March, Molly on the Shore,
and Colonial Song were being
eagerly pursued by band musicians, Percy Grainger was conceiving a
version of an early American fiddle tune. Grainger’s orchestral setting
detailed an “elastic scoring” that permitted performance by any
instrumental combination from as few as three to a full ensemble, as
long as proper balance was achieved. Employing a variety of
harmonizations and instrumental colors, Grainger wrote significant parts
for “tuneful percussion” (e.g., bells, chimes, xylophone, marimba).
Grainger never produced a full score for band. A hastily prepared set of
parts were performed in June 1933 by the Goldman Band in New York. After
Grainger’s death, Glenn Cliffe Bainum published a band arrangement in
1967. Grainger’s original orchestral score carried the following program
A Captain Charles H. Robinson heard a tune called “Spoon River” played by a rustic fiddler at a country dance at Bradford, Illinois (U.S.A.) in 1857. When Edgar Lee Masters' “Spoon River Anthology” appeared in 1914, Captain Robinson (then nearly 90 years old) was struck by the likeness of the two titles – and he sent the “Spoon River” tune to Masters, who passed it on to me. The tune is very archaic in character; typically American, yet akin to certain Scottish and English dance-tune types. My setting, begun in 1919, ended 1929, aims at preserving a pioneer blend of lonesome wistfulness and sturdy persistence. It bears the following dedication: “For Edgar Lee Masters, poet of pioneers.”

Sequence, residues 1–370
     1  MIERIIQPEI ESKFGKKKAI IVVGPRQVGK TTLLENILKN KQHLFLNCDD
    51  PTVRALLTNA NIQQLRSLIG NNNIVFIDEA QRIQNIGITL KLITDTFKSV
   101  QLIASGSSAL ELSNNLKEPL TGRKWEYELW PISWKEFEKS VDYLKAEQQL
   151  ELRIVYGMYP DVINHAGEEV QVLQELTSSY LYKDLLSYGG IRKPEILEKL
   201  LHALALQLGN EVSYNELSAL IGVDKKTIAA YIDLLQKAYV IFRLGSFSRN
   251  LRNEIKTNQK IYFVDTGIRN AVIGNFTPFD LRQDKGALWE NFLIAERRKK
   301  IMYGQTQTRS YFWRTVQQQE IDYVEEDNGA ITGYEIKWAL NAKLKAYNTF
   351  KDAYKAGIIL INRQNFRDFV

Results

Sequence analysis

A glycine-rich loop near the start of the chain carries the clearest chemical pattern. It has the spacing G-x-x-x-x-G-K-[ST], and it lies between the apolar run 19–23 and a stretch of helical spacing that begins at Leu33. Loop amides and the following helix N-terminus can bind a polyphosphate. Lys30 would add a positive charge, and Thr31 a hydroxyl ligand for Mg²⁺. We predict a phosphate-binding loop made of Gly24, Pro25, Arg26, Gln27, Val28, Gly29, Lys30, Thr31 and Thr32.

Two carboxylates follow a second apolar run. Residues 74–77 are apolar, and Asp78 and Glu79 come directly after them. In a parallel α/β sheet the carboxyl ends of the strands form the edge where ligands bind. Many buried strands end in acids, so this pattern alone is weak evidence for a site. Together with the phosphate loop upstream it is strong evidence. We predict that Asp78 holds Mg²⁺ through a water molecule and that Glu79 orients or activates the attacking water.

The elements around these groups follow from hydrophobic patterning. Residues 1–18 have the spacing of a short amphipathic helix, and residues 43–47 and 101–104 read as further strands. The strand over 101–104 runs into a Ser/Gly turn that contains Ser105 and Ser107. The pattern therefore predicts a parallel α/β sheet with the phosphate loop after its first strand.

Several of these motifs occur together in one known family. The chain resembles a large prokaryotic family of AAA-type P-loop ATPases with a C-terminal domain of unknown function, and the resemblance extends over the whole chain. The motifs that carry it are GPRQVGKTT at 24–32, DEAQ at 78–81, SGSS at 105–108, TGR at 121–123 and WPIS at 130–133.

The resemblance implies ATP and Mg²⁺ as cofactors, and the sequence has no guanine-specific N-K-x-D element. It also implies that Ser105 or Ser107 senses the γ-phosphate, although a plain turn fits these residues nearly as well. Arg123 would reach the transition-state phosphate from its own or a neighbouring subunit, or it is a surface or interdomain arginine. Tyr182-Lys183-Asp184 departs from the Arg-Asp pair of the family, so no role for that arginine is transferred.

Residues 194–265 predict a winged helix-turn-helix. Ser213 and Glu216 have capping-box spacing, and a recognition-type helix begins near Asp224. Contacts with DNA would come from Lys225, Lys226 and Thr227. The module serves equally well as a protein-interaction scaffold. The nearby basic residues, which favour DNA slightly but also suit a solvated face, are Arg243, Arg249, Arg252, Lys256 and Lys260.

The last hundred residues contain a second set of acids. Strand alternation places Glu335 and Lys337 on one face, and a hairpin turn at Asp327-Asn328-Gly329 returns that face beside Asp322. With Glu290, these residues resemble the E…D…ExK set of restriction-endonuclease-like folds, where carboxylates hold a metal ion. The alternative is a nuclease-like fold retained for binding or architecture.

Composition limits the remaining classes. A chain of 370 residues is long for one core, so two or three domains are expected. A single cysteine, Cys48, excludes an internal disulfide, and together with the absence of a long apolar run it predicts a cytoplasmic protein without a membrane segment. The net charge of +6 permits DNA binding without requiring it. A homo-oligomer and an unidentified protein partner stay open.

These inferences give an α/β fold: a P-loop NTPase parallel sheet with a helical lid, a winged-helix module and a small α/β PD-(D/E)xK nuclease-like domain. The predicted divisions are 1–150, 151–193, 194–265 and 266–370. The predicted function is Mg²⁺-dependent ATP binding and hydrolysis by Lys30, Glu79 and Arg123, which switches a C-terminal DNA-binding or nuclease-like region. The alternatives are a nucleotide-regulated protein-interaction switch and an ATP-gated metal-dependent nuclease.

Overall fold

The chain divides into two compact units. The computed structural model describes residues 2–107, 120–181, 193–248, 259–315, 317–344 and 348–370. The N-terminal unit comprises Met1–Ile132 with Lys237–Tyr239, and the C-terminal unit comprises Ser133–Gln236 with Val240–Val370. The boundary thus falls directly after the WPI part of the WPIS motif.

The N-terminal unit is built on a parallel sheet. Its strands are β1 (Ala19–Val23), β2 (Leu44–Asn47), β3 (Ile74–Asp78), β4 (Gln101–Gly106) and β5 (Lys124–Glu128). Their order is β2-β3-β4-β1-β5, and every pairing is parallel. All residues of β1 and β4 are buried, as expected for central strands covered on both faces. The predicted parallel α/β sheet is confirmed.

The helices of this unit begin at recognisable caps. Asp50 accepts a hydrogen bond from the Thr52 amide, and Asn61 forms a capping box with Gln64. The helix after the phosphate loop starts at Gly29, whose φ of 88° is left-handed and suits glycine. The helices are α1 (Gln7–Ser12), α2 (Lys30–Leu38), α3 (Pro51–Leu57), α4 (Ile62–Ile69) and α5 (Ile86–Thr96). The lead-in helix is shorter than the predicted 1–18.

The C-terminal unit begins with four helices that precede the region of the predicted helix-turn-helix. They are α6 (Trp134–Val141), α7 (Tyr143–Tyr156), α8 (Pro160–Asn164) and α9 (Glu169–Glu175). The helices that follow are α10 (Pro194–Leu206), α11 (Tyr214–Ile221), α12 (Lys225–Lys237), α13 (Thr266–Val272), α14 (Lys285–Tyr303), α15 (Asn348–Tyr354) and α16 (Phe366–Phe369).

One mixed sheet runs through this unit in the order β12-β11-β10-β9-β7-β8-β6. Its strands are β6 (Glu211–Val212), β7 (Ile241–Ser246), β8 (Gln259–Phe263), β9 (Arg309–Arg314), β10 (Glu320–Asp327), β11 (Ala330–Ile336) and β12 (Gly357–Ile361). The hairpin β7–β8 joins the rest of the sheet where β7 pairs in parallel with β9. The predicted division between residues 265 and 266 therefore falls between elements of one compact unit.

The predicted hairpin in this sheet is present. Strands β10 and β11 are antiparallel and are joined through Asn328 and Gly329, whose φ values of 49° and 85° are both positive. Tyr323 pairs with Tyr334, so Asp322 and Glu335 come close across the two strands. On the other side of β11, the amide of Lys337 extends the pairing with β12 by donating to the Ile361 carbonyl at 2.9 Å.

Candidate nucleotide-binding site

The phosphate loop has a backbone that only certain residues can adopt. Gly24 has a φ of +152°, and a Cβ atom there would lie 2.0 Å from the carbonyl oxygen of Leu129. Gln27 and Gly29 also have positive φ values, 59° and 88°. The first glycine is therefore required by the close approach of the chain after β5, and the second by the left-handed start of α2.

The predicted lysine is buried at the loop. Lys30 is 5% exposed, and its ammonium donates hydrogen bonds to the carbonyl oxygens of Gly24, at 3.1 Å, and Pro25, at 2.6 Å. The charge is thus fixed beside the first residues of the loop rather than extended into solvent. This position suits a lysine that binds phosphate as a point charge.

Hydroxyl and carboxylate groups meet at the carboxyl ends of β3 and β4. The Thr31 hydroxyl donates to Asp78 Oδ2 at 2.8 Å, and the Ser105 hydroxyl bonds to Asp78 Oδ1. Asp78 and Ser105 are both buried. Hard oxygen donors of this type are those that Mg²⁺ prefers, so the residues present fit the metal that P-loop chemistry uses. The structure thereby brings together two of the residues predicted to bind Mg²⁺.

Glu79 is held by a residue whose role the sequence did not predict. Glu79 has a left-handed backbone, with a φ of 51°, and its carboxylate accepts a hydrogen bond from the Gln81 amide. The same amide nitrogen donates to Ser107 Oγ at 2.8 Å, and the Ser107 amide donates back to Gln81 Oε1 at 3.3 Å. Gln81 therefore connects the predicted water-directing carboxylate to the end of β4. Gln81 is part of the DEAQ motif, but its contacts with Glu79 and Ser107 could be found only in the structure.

The Sussex Mummers' Christmas CarolPerformance of folk plays by Mummers has a strong history and presence in the region of Sussex, England, even today. The word “Mummer” is derived from the Greek Mommo, meaning a mask. The wearing of masks became fashionable in the 14th century court, with the eventual migration to all night revelers wearing them to protect their identity. Masks were also common in the plays. The plays would end with the singing of songs, most popularly a carol. The Christmas Carol was often associated with a performance of “St. George, the Turk, and the seven champions of Christendom.” The people of the day were not bothered by the incongruity of the solemnity of the carol juxtaposed against the costumes of colored calico, chimney pot hats trimmed with shreds of ribbons, and wooden swords. In 1880-81, Miss Lucy E. Broadwood captured words and music from several variations of the carol, which were aggregated into the following first two verses: